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Police officer Michael Smith, among Dallas victims, was an Army Ranger vet

One slain officer was a newlywed. Another had survived multiple tours in Iraq, only to be killed back home in the U.S. A protester who doesn't normally march was shot trying to shield her sons.

The stories of those killed or wounded in a sniper attack in Dallas during a protest over recent police shootings of black men emerged Friday as their identities became known. Authorities say five officers were killed and seven others wounded in the deadliest day for U.S. law enforcement since the Sept. 11, 2001, terrorist attacks. Two civilians also were shot.

Among the victims was Michael Smith, 55, a veteran officer who was once selected by the Dallas Police Association's for the "Cops' Cop" award.

Father Michael Forge, pastor at Mary Immaculate Catholic Church, notified parishioners of Smith's death in an email sent Friday. Smith, his wife Heidi and their two daughters were part of the parish in Farmers Branch north of Dallas.

"As you may have heard by now officer Mike Smith, husband of fourth grade teacher Heidi Smith and father of Victoria (Class of 2016) and Caroline (incoming 4th grade) was shot and killed last night in Dallas while on duty," Father Michael Forge wrote. "I'm asking all of us to pull together in prayer and support for the Smith family, as well as the other officers' families who were killed along with Mike."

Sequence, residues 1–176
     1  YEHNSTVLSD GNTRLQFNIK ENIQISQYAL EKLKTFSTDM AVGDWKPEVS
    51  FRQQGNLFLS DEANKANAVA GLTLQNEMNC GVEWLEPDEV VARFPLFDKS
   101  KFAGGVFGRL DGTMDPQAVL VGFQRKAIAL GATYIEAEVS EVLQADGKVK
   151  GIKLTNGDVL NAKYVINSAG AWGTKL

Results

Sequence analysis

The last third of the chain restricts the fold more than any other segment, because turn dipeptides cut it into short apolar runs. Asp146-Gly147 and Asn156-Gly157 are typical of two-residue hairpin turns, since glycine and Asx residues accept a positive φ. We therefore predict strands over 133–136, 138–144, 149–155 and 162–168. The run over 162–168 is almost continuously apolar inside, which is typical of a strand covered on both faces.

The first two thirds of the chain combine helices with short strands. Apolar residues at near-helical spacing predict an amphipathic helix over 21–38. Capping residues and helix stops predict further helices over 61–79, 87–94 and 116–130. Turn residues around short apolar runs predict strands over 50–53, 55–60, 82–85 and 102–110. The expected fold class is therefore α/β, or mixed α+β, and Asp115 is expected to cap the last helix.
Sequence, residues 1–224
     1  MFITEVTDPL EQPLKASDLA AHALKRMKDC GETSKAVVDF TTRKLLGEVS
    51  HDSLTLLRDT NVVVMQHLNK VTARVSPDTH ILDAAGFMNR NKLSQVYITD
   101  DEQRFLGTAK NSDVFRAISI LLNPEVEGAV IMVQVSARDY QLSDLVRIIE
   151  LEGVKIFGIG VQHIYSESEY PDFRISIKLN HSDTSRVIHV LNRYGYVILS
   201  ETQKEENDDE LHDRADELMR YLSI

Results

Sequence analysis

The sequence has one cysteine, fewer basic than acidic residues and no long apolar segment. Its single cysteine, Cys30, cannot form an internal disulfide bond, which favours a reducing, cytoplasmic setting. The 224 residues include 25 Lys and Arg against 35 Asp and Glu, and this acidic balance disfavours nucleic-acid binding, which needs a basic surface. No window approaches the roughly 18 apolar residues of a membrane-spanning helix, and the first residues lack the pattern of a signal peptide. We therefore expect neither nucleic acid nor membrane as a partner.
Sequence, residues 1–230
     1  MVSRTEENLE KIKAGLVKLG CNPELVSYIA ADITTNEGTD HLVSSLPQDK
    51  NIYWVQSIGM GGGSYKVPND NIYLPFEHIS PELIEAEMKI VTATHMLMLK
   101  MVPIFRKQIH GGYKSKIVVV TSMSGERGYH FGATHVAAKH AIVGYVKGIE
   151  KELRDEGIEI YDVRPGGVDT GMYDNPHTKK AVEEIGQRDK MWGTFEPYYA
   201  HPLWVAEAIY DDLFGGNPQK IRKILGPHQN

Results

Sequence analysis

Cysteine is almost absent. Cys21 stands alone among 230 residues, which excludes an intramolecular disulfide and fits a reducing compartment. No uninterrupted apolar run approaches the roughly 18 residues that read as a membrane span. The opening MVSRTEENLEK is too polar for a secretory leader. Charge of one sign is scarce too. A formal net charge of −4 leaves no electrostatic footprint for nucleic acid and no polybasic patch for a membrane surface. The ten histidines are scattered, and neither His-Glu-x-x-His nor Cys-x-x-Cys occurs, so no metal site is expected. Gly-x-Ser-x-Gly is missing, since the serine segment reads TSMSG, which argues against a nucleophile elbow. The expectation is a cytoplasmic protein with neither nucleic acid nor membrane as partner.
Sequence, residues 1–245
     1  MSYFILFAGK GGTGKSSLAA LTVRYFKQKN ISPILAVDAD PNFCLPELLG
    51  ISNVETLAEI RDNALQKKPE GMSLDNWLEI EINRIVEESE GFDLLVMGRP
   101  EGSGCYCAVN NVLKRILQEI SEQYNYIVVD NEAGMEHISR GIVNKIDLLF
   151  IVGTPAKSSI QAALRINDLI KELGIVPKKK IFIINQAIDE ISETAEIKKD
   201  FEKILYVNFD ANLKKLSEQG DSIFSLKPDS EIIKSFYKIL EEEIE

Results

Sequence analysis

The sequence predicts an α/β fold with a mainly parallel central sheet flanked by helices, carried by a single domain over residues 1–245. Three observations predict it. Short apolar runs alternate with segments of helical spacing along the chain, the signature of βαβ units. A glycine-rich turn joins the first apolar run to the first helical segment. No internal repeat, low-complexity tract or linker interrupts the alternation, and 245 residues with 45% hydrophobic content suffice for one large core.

Smith was a U.S. Army Ranger before joining the Dallas Police Department in 1989.

He was recognized as conscientious and for his positive attitude, according to a 2009 newsletter for the Dallas Police Association. He strove for excellence, often attending advanced training on his own dime and strove for excellence.

Several years ago, he intervened when a gang member lunged at his partner. Smith was cut on the head during the incident and received 31 stitches.

He was a volunteer at the YMCA and his church, and was involved in working with kids at risk, and once developed a racquetball program for kids at the local YMCA, the newsletter said.

"He's just a really nice guy. He loved his wife, loved his daughters. He spent time with his family. The whole situation is really sad," Vanessa Smith, a friend of the officer's wife who is not related to the family, told The Associated Press.

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